At the beginning of his pontificate, St. John Paul II let everyone know that the Rosary was his favorite prayer.
Just one verse each day.
Popes don’t always reveal their personal preferences in public, but St. John Paul II wasn’t afraid to reveal his favorite types of prayer.
In the second Angelus message of his pontificate in 1978, St. John Paul II said plainly, “The Rosary is my favorite prayer. A marvelous prayer! Marvelous in its simplicity and in its depth.”
St. John Paul II affirmed this statement in his Apostolic Letter, Rosarium Virginis Mariae in 2002, pointing out how he revealed this aspect of his spiritual life so early on in his pontificate and how it continued to comfort him in good times and bad.
The Rosary has accompanied me in moments of joy and in moments of difficulty. To it I have entrusted any number of concerns; in it I have always found comfort. Twenty-four years ago, on October 29, 1978, scarcely two weeks after my election to the See of Peter, I frankly admitted: “The Rosary is my favorite prayer.”
In a certain sense, if you want to know all the reasons why St. John Paul II loved the Rosary, all you need to do is read Rosarium Virginis Mariae. It contains an in-depth study of the Rosary and the many reasons why the Polish pontiff loved it.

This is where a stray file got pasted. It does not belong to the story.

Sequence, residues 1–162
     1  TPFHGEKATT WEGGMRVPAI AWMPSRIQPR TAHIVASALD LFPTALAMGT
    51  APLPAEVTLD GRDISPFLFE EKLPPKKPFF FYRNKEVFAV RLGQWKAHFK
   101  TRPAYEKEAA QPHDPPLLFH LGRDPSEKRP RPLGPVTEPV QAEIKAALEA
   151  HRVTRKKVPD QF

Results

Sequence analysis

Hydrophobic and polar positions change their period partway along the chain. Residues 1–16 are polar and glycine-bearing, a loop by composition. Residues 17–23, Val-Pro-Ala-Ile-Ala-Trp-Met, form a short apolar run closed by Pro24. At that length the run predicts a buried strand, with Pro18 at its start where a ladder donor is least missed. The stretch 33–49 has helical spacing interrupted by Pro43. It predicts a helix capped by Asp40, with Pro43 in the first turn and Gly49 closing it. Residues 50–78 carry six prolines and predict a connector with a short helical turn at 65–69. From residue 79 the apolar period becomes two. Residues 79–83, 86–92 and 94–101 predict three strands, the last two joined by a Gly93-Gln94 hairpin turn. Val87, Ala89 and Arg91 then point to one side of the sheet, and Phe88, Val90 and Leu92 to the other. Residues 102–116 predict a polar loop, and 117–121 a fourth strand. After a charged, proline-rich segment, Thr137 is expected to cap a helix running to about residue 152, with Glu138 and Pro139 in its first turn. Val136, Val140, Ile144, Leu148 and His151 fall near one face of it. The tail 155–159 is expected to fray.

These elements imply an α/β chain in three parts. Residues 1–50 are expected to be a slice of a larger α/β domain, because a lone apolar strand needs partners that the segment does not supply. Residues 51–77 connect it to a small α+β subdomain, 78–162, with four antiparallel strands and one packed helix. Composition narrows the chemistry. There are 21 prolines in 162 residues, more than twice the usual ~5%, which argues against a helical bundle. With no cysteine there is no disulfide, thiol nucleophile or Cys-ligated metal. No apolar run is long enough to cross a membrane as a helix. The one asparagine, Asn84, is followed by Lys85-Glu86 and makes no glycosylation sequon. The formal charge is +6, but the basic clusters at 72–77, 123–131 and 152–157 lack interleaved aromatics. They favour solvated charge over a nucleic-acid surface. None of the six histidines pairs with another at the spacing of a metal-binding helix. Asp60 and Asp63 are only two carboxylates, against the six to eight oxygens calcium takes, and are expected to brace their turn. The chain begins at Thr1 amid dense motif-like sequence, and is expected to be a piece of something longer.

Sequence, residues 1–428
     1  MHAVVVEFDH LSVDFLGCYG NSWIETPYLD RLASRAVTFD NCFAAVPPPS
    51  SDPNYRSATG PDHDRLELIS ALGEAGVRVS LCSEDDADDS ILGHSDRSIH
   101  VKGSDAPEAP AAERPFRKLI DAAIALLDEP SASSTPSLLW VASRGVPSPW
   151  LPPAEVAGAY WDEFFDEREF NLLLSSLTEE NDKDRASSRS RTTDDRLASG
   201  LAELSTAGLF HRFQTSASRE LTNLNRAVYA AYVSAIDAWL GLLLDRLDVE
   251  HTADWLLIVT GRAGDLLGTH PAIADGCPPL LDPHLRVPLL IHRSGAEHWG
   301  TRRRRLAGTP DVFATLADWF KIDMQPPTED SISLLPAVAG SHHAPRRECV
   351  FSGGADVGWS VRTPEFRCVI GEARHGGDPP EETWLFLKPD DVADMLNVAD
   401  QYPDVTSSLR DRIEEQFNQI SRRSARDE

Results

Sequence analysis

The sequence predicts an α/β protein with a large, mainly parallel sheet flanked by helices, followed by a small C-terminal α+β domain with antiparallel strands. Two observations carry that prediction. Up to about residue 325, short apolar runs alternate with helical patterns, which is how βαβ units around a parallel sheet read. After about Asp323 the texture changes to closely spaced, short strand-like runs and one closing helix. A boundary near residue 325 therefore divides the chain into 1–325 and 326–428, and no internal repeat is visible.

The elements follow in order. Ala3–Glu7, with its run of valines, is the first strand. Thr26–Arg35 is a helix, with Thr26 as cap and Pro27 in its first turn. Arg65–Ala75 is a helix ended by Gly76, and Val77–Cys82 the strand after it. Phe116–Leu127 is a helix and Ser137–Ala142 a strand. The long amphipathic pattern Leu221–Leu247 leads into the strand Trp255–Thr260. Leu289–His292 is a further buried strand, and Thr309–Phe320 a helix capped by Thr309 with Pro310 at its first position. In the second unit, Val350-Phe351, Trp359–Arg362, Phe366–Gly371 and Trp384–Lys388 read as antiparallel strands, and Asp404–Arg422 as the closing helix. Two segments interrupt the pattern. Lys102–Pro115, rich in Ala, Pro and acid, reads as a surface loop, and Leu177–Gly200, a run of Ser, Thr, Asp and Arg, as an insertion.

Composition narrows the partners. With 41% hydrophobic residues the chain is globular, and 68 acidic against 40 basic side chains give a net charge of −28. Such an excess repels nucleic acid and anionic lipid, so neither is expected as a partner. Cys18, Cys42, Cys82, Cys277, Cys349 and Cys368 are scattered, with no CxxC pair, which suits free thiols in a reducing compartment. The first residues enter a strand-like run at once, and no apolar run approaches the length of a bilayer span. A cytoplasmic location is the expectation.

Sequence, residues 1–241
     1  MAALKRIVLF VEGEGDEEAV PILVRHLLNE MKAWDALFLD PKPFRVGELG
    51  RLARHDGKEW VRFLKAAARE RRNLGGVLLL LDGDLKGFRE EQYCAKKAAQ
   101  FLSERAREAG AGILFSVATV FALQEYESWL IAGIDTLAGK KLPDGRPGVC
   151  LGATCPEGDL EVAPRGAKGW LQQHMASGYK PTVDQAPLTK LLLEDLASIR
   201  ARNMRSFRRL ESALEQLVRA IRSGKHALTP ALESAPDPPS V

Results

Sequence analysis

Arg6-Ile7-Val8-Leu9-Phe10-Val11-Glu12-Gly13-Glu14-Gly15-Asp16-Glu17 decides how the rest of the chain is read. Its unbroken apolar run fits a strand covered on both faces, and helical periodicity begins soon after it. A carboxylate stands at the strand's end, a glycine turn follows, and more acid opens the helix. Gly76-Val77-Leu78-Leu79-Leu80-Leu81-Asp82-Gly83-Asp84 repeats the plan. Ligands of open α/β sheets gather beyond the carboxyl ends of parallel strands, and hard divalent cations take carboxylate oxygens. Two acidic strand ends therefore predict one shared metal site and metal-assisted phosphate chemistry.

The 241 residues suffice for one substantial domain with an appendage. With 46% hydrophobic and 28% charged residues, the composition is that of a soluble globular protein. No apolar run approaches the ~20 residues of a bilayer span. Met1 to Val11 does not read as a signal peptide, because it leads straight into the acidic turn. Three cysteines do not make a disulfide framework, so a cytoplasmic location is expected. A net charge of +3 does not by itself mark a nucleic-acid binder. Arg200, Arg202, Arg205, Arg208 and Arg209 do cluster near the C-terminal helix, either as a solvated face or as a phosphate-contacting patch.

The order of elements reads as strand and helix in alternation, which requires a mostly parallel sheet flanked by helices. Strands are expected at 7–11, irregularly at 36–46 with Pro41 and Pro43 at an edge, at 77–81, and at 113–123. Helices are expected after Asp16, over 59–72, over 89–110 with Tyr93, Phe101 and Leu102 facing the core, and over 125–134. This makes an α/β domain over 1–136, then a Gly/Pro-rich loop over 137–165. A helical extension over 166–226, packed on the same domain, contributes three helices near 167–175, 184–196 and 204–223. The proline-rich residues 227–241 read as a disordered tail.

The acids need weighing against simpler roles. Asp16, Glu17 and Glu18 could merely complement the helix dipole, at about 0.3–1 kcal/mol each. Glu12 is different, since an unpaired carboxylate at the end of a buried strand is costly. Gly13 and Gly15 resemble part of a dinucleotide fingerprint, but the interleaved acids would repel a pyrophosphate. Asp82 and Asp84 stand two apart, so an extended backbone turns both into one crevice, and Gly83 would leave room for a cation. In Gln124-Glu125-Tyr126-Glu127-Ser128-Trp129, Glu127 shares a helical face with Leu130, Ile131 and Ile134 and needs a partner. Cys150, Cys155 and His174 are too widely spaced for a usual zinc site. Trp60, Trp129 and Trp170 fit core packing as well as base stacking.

St. John Paul II does list one of the primary reasons why he loves it, explaining how the Rosary is a path of contemplation.
[T[he most important reason for strongly encouraging the practice of the Rosary is that it represents a most effective means of fostering among the faithful that commitment to the contemplation of the Christian mysterywhich I have proposed in the Apostolic Letter Novo Millennio Ineunte as a genuine “training in holiness”: “What is needed is a Christian life distinguished above all in the art of prayer” … The Rosary belongs among the finest and most praiseworthy traditions of Christian contemplation.
For St. John Paul II, not only did the Rosary provide a way to contemplate of the mysteries of the Gospel, it also looked to Mary, whom he believed was a “model of contemplation.”
St. John Paul II did all that he could to promote the Rosary during his pontificate, sharing with the world its impact on his life, hoping that it could help us in our own spiritual journey.